What are Neuroprosthetics and How do They Work?

10-12-2019 | By Moe Long

Where once prosthetics were crude and simplistic, now they’re carefully engineered works of art. In fact, with breakthroughs such as neuroprosthetic limbs, there’s even the potential for prosthetics to interface with the human brain. Learn all about the future of prosthetics!

What are Neuroprosthetics?

As the name suggests, neuroprosthetics combines neural processing with prosthetics. Essentially, these devices interface with the human brain to control artificial limbs. It works via a brain-computer interface (BCI), or a brain-machine interface. Using a brain-computer interface, it’s possible to control a computer using thoughts. Certain thoughts, like moving or flexing a muscle, create an electrical activity which in turn activates nerve cells as well as brainwaves. 

Where neuroprosthetics differs from traditional prosthetics is that it’s more closely aligned to how the human body functions. When you move a body part, the brain sends electrical impulses which ultimately cause that limb to perform the desired task. Whereas a non-neuroprosthetic may be difficult to learn and control, brain-computer interfaces are, theoretically, easier to manage.

How do Neuroprosthetics Work?

A brain-machine interface relies either on a chip implanted in the user’s brain or electrodes placed upon the scalp. That way signals from the brain may be read by the prosthetic device itself. The BCI is an input/output device that bridges the brain and prosthetic devices. The same signals that would control an organic limb fire, and thus perform the desired function.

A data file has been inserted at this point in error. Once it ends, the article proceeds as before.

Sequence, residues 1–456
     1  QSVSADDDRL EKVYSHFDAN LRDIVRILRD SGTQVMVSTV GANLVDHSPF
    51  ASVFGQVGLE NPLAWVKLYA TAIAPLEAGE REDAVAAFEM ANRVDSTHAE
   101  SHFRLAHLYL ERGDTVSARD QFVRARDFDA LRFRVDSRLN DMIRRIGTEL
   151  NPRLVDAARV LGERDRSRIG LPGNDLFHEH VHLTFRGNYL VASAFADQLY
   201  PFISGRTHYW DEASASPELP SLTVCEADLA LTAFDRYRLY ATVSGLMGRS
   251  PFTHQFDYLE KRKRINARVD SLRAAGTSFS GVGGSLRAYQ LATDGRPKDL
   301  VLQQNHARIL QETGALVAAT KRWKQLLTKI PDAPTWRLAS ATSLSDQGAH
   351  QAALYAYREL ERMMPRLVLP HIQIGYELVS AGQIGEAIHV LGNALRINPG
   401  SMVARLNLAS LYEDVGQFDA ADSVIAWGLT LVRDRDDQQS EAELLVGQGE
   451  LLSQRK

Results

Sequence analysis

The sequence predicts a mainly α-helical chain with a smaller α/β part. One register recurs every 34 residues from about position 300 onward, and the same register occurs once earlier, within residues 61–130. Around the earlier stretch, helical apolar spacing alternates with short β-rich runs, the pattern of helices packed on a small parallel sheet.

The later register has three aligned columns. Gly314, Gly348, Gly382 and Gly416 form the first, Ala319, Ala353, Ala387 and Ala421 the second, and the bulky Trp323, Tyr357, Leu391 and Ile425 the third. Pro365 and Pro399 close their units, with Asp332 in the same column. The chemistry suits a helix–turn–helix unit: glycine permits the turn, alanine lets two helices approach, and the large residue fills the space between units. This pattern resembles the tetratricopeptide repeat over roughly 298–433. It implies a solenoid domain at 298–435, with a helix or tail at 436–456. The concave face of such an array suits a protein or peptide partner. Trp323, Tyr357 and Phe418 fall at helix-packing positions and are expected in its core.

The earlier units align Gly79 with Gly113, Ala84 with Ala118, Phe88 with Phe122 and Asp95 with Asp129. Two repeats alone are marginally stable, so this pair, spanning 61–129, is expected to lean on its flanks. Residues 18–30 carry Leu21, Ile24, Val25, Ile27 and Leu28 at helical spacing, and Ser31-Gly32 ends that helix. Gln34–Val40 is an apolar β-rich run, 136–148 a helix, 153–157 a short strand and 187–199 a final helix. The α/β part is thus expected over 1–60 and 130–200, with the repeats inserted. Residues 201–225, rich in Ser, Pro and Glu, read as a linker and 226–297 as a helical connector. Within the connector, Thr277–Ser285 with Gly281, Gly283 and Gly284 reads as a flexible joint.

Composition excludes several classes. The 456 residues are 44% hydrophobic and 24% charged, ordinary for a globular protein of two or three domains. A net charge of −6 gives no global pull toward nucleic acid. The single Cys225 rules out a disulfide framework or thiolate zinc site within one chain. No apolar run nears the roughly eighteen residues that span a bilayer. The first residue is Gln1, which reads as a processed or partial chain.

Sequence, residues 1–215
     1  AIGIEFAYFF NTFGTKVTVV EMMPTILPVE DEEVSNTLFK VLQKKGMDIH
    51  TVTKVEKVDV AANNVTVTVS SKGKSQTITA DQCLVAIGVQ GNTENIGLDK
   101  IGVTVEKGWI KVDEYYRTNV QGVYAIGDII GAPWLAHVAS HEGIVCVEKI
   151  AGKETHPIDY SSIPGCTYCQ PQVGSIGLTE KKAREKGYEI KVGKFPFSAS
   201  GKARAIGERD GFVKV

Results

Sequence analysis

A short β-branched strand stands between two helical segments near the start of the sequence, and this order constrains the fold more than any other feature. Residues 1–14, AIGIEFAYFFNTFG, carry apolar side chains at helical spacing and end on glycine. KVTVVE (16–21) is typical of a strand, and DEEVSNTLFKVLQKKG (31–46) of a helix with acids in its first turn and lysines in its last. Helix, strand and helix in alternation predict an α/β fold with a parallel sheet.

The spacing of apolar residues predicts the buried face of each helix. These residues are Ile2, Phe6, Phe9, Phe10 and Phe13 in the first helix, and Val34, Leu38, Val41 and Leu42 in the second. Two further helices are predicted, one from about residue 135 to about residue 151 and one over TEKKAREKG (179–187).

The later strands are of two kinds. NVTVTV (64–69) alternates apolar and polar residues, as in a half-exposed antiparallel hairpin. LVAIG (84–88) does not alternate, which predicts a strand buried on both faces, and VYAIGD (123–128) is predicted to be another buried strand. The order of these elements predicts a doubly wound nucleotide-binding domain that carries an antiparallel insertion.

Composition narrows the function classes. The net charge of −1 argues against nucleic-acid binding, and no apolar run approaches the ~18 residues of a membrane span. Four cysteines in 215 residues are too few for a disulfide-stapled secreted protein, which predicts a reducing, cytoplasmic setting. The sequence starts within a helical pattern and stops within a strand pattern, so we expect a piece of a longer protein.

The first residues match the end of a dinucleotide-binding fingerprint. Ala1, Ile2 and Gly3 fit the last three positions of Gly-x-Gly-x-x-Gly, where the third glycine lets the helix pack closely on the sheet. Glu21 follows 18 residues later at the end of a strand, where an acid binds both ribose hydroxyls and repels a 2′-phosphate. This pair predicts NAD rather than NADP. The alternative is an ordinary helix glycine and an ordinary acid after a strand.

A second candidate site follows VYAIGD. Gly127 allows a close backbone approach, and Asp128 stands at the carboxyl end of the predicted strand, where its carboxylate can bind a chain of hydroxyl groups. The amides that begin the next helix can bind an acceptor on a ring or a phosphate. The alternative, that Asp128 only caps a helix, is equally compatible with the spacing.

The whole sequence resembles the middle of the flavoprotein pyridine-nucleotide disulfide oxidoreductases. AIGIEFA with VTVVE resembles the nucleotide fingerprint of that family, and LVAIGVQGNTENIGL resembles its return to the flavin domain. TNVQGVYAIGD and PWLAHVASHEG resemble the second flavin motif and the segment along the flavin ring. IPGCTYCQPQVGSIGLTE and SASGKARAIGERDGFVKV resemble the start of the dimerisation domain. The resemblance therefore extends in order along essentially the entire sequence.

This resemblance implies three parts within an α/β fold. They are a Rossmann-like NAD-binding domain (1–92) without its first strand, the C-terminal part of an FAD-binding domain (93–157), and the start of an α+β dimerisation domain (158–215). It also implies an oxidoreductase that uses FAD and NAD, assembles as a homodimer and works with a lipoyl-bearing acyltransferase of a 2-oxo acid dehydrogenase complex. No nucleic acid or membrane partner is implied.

brain-controlled prosthetic limbs

Man controls a prosthetic arm and hand at the University of Pittsburgh Medical Center. 

Credit: Pitt/UPMC 

The signals may be sent via electrodes on the scalp, the brain’s surface, peripheral nerves, and embedded within the brain. Depending on the type of electrodes used, it’s a pretty simple procedure or a rather invasive implantation. There’s a directly proportional correlation between ease of application and control. For instance, electrodes on the scalp work fine for simple control such as bending and straightening a knee. But electrodes implanted in a brain, or intraparenchymal electrodes, offer much greater fine motor control like the ability to control arms and drink out of cups. In between, electrocorticography (ECoG) offers a means of recording brain activity with electrodes placed upon the surface of the cortex. It’s less invasive as an electrode implanted into the brain but boasts more control than electrodes on the scalp. 

Mapping the Brain

But it’s not as simple as hooking up a brain-machine interface and connecting everything. Rather, brain imaging is first necessary. Mapping the brain provides intent into what a brain signal means, and how the body is supposed to respond accordingly. Artificial intelligence can expedite this process. Still, there’s definitely learning period wherein calibration is required. 

man controls legs with brain

The Future of Prosthetics

Prosthetics, both neuroprosthetics and otherwise, have evolved greatly. Even a prosthesis that allows for running is a massive improvement from where the field began. Yet now brain-computer interfaces have been successfully implemented. A paraplegic man, for example, pulled off the first World Cup kick with a neuroprosthesis. Similarly, a Roman woman began using a BCI-powered hand that even senses touch. Once the subject of science fiction, neuroprosthetics have seeped into the mainstream with field-tested hardware. Expect the accuracy and ease of implementation to only improve. 


By Moe Long

Moe Long is an editor, writer, and tech buff with a particular appreciation for Linux, Raspberry Pis, and retro gaming. When he's not hammering away at his keyboard, he enjoys running, reading, watching cinema, and listening to vinyl. You can read his writings on at Tech Up Your Life and check out his thoughts on all things tech.